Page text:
Saturday, January 02, 2010

Reading List 2010

I was blessed with a bunch of books for Christmas, in addition to 3 gift cards for bookstores, so I'm happy about all the books I have to read. So, though, I'm not making a to-do list for 2010 (post below), here's my to-read list, in no particular order:

Illustrated Genesis by R. Crumb. This was a gift I was happy to get, as I had looked at it and was compelled, but unsure if I ever would have bought it for myself. I love gifts like that.

Swish: My quest to become the gayest person ever by Joel Derfner. I saw this on a table and it looked like it might be diverting. Or hilarious. Or both.

Born Round: The secret history of a full-time eater by Frank Bruni. This is by the NYT food critic and journalist. He talks about being heavy his whole life, body issues, gayness, etc. And the blurbs on the back are by Anne LaMott, Augusten Burroughs, Elizabeth Gilbert, and several others that read like a memoir who's who. So I figure hopefully that means it's written well.

Changing My Mind: Occasional Essays by Zadie Smith. Another gift that I don't know if it would have been on my radar. But I loved On Beauty very much, and I love essays, so this is a perfect fit. In fact since the New Yorker is about the only thing I read on any steady diet, you could say it's becoming my favorite genre. Very excited to read this one.

Motherless Brooklyn by Jonathan Lethem. This won the National Book Award, so I'm hoping that's an indication, though it's not always. I love NY tales, though not a huge detective freak. I just love this title, though. It's such a great title it makes me want to read it.

Sugarless by James MacGruder. I didn't know about this one, but one of my oldest and dearest gave me this since we did speech in high school together and that's the background for the book. Looks like a romp, and the idea makes me laugh.

Losing Mum & Pup by Christopher Buckley. My boss loaned me this. It's about losing both his parents in the same year. Can't say I'm a Buckley fan, and it seems WASP-y, but looks like it could be good. So far I'm not as engaged as I was with Joan Didion's, but any look at this subject I think is difficult and commendable. Don't know that I'd have the courage.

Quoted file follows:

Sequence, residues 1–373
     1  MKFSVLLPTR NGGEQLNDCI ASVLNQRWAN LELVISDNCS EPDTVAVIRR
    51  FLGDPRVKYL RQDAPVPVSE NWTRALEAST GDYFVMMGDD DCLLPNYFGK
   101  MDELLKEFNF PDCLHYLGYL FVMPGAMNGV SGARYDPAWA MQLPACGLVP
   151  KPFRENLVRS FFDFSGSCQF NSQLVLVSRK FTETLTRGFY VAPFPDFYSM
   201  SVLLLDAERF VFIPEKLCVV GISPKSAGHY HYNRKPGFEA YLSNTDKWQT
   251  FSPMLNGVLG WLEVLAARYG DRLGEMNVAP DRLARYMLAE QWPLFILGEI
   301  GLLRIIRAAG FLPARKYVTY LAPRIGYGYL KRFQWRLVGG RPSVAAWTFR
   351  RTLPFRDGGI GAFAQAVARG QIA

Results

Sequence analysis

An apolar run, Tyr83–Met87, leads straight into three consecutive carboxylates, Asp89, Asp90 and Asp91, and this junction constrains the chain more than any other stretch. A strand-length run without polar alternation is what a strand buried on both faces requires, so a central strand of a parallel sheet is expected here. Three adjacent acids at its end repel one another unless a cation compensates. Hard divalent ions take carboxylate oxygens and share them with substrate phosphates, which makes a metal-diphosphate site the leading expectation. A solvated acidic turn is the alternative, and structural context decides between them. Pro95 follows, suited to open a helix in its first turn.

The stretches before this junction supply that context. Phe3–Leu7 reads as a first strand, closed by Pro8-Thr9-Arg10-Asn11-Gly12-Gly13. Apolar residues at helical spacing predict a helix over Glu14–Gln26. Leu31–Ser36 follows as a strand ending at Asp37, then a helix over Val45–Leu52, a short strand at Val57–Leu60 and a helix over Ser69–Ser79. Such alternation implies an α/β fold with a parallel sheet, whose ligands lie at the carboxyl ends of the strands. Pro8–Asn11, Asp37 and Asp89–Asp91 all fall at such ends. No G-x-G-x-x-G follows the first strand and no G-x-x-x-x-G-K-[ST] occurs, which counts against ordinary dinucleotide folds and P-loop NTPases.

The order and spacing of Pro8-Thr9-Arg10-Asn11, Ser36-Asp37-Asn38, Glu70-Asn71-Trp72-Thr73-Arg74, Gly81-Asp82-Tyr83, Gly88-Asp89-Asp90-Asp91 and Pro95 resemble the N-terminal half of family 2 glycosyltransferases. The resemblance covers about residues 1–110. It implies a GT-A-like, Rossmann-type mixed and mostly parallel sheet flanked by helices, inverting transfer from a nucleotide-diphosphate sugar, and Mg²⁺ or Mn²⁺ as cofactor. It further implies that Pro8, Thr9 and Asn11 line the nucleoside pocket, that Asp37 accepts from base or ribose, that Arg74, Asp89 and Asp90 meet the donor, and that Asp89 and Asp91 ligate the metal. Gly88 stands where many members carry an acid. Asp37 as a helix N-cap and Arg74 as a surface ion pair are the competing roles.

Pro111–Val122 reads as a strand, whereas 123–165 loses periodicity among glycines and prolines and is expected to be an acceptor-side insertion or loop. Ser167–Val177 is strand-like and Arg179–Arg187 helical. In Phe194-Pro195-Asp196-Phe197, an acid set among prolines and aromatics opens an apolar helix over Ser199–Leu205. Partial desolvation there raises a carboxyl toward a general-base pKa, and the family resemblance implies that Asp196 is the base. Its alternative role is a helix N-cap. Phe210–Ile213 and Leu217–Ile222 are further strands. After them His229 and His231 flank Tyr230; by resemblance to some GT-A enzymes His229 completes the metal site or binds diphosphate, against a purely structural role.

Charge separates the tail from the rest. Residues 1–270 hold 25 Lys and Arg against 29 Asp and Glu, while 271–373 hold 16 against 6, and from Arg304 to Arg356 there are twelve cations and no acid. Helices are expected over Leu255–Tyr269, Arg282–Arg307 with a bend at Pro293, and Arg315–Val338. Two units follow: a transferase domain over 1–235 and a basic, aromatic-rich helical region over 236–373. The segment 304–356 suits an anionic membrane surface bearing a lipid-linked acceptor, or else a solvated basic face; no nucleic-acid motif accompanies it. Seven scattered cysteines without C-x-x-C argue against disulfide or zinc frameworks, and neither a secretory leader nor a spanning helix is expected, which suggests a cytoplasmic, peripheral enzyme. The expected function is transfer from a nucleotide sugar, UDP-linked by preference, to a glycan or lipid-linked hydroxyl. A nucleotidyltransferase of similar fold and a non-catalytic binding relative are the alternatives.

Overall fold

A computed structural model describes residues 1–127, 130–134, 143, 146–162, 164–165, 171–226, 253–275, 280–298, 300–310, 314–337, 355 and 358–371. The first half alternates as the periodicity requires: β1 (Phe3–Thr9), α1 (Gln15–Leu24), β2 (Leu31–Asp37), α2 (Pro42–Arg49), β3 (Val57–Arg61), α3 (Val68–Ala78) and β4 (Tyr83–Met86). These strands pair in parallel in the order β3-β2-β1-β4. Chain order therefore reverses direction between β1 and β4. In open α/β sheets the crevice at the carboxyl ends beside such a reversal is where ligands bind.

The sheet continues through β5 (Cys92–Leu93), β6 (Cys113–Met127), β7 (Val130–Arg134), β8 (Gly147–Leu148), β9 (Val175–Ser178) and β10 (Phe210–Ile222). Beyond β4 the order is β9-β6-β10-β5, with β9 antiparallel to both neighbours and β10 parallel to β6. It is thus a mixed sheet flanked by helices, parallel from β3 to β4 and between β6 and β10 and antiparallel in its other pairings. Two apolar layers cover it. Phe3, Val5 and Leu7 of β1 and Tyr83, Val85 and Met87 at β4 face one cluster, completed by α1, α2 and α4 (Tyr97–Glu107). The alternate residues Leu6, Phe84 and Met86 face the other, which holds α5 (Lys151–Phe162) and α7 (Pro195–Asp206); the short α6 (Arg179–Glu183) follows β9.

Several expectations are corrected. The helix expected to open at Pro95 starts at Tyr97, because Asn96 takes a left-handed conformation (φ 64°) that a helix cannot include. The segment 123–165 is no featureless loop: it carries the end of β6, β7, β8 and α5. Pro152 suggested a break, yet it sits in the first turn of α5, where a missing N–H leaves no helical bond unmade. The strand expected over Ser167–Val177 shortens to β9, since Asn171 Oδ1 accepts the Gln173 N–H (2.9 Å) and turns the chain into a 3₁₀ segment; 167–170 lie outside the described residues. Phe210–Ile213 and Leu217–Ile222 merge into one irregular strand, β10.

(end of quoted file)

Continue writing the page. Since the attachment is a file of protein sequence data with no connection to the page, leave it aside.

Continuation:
When You are Engulfed in Flames by David Sedaris - I got this a while ago and have been picking my way through it. I like his voice. Not in first gear with it, but fun to pick up.

High on Arrival by Mackenzie Phillips. A colleague at work gave me this who loved it. It's lurid at points, and harrowing. I'm amazed she can even write with all the stuff she's gone through. There's been so much chatter about it it's nice to read and form my own opinion.

Dishwasher: One man's quest to wash dishes in all fifty states by Pete Jordan. I've started it but not particularly hooked. It's kind of a "how I became a slacker" memoir, but also someone who grew up in tough circumstances and turned that in to a not-so-typical way of life. He's a good writer, so I'll be interested to see what he comes to on the journey.

Waiter Rant: Thanks for the tip--Confessions of a cynical waiter by Steve Dublanica. Just what it sounds like. I've heard about this, and a friend gave it to me after he read it and said it was enjoyable. I've waited tables, so needless to say I'm sure I'll laugh.

Whew. That's a lot, it looks like. Well, nice to have some stuff on the docket. Above's what's first in my conciousness, but I'm sure something else will pop in. I'm a bit of an omnivore with books. I'm really hoping to read Mansfield Park as well this year. That and Motherless Brooklyn are the only two fiction pieces, except a collection by Lydia Davis, Varieties of Disturbance, that I've read about half of that I like. Speaking of, I saw her novel (meta-novel) The End of the Story at the store the other day, and that looks good, too. I guess there's always more....


Elizabeth said...

That's a very intriguing list. I've read Born Round and thought it was a fun read but very self-conscious. I was expecting there to be more about food but it's really about his very f'd up relationship to food, and he was amazingly self-centered. Ouch.

Criticlasm said...

That's interesting. It's hard to write a memoir and not sound self-involved, IMHO. I've put down a few since the authors came across as self-centered and kind of annoying. I'll let you know if I feel this way with his.

Speaking of, looks like Elizabeth Gilbert has a new one out on marriage: